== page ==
– 10 players were suspended by the NCAA for eight games this season after committing academic misconduct, including several key defensive starters. Blaming what is now famously known around Starkville as “Tutorgate” squarely on Moorhead seems unfair, but the fact remains it happened under his watch. Reasonable or not, the head coach is going to get credit/blame for everything that goes on in his program, good or bad.
– Moorhead constantly brought up his three consecutive top-25 recruiting classes in the nation. And it’s true, he has pulled off that feat. Yet, it’s still curious how the Bulldogs are set to open the 2020 season without a proven receiver, a completely inexperienced backfield (assuming Kylin Hill still leaves for the NFL), an offensive and defensive line that are in need of serious help, a special teams unit that was the angst of many MSU fans, and a secondary that was leaky all too often.
– For a coach who was brought in to be an offensive guru, the offense sure sputtered a lot throughout his tenure. The Bulldogs’ offense ranked 63rd and 71st nationally over Moorhead’s two seasons at the helm.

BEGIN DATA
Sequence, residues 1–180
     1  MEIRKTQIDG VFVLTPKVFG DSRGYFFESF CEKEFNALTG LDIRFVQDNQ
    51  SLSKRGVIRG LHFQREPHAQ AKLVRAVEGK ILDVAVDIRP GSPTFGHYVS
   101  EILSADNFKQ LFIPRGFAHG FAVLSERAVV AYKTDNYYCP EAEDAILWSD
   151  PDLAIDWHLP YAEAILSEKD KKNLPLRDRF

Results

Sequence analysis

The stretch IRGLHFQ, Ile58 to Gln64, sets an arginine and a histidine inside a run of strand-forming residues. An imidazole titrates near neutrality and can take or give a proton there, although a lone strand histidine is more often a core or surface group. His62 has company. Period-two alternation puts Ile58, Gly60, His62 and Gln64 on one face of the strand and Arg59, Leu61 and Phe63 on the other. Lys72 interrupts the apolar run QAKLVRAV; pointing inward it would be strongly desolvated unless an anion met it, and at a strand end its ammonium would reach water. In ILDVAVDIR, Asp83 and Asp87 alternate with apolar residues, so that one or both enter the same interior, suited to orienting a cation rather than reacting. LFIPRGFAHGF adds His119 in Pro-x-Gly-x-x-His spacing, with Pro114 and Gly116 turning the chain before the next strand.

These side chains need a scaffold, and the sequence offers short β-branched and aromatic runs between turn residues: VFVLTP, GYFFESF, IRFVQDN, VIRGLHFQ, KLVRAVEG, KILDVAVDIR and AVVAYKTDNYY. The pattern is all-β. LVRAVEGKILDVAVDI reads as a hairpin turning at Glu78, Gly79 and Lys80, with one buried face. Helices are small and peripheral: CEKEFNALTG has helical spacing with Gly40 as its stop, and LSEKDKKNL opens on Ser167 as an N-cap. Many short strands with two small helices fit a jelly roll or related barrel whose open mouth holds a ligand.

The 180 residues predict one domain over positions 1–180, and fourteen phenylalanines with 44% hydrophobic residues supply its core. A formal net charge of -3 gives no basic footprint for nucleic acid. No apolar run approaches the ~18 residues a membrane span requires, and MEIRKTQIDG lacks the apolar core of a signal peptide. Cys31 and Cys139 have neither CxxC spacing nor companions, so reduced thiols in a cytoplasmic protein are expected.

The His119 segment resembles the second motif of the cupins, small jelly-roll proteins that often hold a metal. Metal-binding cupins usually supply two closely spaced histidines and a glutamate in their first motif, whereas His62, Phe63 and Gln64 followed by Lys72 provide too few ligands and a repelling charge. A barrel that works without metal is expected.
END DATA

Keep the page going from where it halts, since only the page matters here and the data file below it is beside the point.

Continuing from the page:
– Moorhead was 0-5 in games where he had multiple weeks to prepare for his opponent. Two of those games are LSU and Alabama, so he gets a mulligan there, but the others are bowl games MSU was favored in, and a road game against a hapless (at the time) Tennessee team starting an inexperienced quarterback.
There’s more, but you get the point.
It’s not going to be a popular opinion, but there’s also a case to be made he should get another season. It could be considered a distasteful look for a university to fire a coach it committed to nearly a month ago. It’s even worse considering how long this decision dragged out. Of course, firing a coach after just two years and after two straight bowl appearances seems like a very bold move.
Nevertheless, most of the fanbase had seemingly turned on Moorhead a long time ago, and the decision to remove him has already been made.
Which means there’s only a few things left to say.
Firstly, I feel bad for Joe the person. From his perspective, he has to feel lied to after getting reassurance he was going to be back for 2020. And regardless of the circumstances, it’s never fun to see anyone lose their job, regardless of how much money they made. His family’s life is completely impacted, which of course is the risk you take getting into the profession, but it doesn’t make it any more fun for the wife and kids.